If you’re anything like me, (and I sincerely hope you’re not because I’m terrible), you’ve been waiting a long time to hear from The Strokes again. Seriously, it feels like it’s been forever since their most recent album, First Impressions of the Earth, was released. Oh, right, that’s because it HAS been forever! It’s okay though because after a lengthy five year hiatus The Strokes are finally back and better than ever!
The band’s newest album, Angles, was released just a couple of weeks ago and is definitely worth checking into. Angles adds a little bit of an upbeat energy to the bands usual brand of grungy garage rock coupled with Julian Casablancas’ distinct, shadowy vocals. It becomes clear very early in the album that the band has made a few changes.
The album begins on a very strong note with, “Machu Picchu”, a song that possesses a vaguely reggae sound mixed with The Strokes’ unique rock style. This is the perfect opening track because it draws the listener in and essentially forces them to listen to the rest of the album.
From “Machu Picchu”, we transition into the album’s first single, “Under the Cover of Darkness”. This is one of those tracks that you cannot help but dance to. It has a fun, cheerful sort of rhythm, and a beat that makes it almost impossible to stand still. It’s one of those unbelievably catchy songs that can get stuck in your head for days no matter how hard you try to replace it with something else.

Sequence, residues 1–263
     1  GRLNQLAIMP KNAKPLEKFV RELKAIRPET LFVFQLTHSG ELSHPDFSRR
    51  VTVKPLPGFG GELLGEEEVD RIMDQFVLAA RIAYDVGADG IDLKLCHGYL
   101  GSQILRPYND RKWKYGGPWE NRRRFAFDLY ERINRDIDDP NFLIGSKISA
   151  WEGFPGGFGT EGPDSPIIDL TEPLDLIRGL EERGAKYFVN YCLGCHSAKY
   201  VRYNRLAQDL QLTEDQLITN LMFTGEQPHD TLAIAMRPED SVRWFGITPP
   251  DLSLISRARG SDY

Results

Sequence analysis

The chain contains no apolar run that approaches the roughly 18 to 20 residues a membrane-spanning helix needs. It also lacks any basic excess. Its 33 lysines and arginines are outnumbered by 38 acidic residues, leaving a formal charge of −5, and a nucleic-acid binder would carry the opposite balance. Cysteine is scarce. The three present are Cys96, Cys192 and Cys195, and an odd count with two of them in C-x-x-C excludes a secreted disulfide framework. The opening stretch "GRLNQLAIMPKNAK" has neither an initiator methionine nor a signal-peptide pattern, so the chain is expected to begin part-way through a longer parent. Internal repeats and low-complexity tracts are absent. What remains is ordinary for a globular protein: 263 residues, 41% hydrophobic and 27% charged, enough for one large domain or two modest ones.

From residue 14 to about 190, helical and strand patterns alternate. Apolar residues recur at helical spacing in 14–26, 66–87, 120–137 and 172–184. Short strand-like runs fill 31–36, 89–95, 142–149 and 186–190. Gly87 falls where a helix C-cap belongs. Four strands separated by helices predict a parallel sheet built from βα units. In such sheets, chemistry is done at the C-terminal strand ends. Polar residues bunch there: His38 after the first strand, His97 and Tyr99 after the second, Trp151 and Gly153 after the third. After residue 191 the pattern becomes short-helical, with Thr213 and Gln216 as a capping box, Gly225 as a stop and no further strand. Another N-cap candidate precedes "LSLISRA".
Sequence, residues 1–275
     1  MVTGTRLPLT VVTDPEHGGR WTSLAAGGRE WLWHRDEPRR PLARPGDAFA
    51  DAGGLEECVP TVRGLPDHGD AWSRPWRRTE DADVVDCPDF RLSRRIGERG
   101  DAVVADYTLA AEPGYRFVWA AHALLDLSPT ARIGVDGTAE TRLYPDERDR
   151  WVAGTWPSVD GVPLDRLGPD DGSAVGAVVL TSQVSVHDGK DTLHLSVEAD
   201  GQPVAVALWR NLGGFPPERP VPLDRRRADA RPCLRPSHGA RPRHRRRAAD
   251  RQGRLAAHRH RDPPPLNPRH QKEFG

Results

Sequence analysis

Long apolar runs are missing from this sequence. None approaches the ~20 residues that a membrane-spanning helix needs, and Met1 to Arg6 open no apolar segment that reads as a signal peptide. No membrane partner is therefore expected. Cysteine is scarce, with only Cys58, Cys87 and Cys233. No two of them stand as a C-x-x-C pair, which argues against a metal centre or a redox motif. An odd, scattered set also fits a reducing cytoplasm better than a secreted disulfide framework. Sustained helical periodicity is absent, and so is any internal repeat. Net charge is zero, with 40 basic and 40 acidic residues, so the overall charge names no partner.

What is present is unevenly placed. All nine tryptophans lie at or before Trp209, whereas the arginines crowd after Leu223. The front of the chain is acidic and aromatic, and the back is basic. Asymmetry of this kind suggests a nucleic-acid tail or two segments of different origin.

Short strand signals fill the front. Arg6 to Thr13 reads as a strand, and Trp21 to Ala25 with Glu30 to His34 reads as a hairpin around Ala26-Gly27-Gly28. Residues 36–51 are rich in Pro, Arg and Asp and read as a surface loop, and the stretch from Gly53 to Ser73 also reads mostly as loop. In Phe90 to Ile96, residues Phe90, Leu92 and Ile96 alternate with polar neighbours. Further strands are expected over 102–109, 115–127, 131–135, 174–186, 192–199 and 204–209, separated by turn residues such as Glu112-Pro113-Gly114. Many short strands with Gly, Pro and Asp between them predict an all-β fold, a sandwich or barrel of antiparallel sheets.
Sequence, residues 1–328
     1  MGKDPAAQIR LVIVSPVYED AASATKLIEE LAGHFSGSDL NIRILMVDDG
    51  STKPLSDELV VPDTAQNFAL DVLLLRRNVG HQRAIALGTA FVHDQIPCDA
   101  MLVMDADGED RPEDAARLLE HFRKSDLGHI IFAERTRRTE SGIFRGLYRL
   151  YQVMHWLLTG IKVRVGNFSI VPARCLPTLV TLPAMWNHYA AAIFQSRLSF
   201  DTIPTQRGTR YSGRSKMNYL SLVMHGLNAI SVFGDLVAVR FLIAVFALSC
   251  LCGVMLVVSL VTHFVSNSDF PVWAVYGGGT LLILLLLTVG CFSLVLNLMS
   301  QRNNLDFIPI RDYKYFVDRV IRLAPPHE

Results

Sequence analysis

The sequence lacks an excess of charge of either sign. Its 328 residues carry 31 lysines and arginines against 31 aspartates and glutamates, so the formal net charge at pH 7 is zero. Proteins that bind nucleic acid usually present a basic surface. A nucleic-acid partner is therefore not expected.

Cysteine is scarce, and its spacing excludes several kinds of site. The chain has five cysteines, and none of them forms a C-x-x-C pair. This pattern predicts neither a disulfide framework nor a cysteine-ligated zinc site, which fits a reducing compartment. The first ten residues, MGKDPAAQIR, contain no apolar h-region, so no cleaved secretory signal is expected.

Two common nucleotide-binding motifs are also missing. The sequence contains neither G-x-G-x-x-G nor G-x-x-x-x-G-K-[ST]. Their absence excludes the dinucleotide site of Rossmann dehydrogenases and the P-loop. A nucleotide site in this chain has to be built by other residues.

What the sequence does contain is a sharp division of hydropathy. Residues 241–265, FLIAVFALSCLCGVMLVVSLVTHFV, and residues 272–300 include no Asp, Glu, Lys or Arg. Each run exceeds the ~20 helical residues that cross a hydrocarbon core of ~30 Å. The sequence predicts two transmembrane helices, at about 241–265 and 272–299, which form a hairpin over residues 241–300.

As the album continues, it keeps with the theme of almost “poppy” rhythms paired with semi-depressing lyrics. “Gratisfaction” is another one of those songs that makes you want to drop whatever it is you’re doing just so you can start dancing like a complete idiot. Personally, I feel like this particular song sounds a lot like something that would have been performed by Queen back in the day, and honestly, I like that about it. Although, I’m a pretty big Queen fan, so my opinion might be a little bias.
If you want a bit of a “blast from the past”, so to speak, “Metabolism” is the track to listen to. It brings me back to a lot of the songs on The Strokes’ previous albums. It has that same sort of dark, dirty sound as a lot of the tracks on First Impressions of the Earth. Casablancas’ vocals come out completely in the chorus of this song, and lyrically, it’s one of the best on the album.
Basically, whether or not you were a huge fan of The Strokes in the past, Angles might just be worth listening to. It’s different, but not so different that it’s unrecognizable. Normally, I’m not a big fan of change, but when it’s for the better, such is the case with this album; it’s alright in my book!